The average medical appointment lasts just 20 minutes. Racing through an exam might make it hard to address your health concerns or ask questions about a diagnosis, and that could have a serious impact on your health.

A study published in Annals of Family Medicine found that patients who assigned their doctors high ratings for listening to their concerns, offering easy to understand explanations and showing respect for their needs were in better health than those whose doctors had lower scores. In short, stronger doctor-patient relationships were associated with better health.

“These relationship efforts…allow healthcare providers to personalize and integrate your health care and promote your health ,” explained study lead R. Henry Olaisen PhD, MPH, adjunct assistant professor at Case Western Reserve University.

Developing a better relationship with your healthcare provider could be the key to improving your health. Try these 6 strategies before your next appointment.

Be prepared : Before your appointment, make a list of all of your concerns from new symptoms or medication side effects to current needs such as a flu shot or medication refill. Rate the items and ask about the most important things at the beginning of the appointment.

“We may have to schedule a follow-up appointment to get to everything on the list but at least we looked at the most serious thing first,” said Kathryn Boling MD, a family medicine specialist with Mercy Personal Physicians in Baltimore, MD.




Show up on time : The later you are for your scheduled appointment, the less time you’ll have to spend with the doctor. Dr. Boling suggested showing up 15 minutes early—and calling ahead if you need to reschedule.


Update your doctor : Your doctor needs to know about any medical care you’ve received since your last appointment, including emergency room visits or any changes to your medication. The information will help doctors make the best decisions about your current care.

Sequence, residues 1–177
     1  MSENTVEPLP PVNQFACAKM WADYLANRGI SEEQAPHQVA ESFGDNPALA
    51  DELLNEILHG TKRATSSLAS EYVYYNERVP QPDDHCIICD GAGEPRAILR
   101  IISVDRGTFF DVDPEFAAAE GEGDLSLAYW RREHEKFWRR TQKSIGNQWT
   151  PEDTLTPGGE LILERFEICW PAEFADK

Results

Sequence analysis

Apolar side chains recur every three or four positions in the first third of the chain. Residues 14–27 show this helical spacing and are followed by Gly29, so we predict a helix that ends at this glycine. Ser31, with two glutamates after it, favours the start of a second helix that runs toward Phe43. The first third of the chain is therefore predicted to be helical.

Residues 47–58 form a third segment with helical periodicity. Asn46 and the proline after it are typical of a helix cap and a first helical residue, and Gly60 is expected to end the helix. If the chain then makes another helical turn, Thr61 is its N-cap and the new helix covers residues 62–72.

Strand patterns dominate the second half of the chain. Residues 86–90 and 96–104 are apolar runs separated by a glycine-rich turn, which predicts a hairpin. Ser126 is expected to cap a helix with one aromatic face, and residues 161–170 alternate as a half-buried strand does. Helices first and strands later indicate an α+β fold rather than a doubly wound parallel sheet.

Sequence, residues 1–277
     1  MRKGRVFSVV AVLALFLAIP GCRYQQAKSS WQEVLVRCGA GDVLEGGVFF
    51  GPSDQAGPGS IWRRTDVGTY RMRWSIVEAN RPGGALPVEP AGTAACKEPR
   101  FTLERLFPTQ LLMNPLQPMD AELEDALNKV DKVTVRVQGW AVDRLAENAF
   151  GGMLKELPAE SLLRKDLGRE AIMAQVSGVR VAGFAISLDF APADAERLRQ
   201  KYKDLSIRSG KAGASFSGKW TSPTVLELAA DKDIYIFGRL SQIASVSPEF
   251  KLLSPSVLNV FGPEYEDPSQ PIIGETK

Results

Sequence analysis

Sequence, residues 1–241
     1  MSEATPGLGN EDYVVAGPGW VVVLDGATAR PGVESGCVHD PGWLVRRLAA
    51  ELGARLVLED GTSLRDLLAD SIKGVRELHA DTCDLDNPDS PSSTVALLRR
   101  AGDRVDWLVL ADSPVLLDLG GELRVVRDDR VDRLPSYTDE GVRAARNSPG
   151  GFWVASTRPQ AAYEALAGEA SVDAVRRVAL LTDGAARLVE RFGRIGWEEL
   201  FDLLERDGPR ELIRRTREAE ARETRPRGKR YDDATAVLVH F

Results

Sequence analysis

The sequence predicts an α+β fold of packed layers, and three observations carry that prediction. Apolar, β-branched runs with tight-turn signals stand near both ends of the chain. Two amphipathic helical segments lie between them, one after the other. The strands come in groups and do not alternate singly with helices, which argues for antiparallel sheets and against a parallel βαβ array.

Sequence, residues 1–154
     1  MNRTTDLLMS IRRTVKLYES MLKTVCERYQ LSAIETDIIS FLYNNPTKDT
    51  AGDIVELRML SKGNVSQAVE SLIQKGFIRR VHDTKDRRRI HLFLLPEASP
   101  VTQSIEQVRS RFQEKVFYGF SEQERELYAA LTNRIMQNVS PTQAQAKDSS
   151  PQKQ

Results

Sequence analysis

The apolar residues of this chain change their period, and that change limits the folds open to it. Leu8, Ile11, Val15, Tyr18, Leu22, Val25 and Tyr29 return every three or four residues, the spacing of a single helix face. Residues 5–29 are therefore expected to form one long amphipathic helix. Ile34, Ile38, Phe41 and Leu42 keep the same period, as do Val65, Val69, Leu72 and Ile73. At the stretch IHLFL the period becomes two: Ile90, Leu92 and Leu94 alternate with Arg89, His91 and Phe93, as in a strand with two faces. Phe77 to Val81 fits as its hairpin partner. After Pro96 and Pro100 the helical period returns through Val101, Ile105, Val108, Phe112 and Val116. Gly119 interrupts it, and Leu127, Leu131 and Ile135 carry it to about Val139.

Ask questions : If something doesn’t make sense or you need more information, don’t be afraid to ask questions. Dr. Olaisen also suggested asking what your doctor needs from you to personalize your healthcare, explaining, “ By asking this question, you engage your primary care clinician more deeply ….and it allows you to learn about how you can communicate more effectively,” he added . Making a list of questions before your appointment can ensure all of your questions are addressed.

Write it down : Don’t rely on your memory to follow treatment recommendations. Patients accurately remember less than half of what their doctors tell them, according to research published in the journal PLOS One. Take notes during your appointment—or use your smartphone to record information—to ensure you’re following their advice.

“A lot of my patients come in with notepads,” Dr. Boling said. “It’s better to take notes than leave and think, ‘Now, what did she say?’”

Be honest : Whether you kept eating junk food after a diagnosis of high cholesterol or stopped taking a prescribed medication due to side effects, tell your doctor.

“If you’re honest, it helps me figure out what I need to do to get you motivated to make changes,” Dr. Boling said. “If you don’t tell me the truth, I miss an opportunity to help improve your health.”

Jodi Helmer writes about health for AARP, Woman’s Day, HealthCentral and others.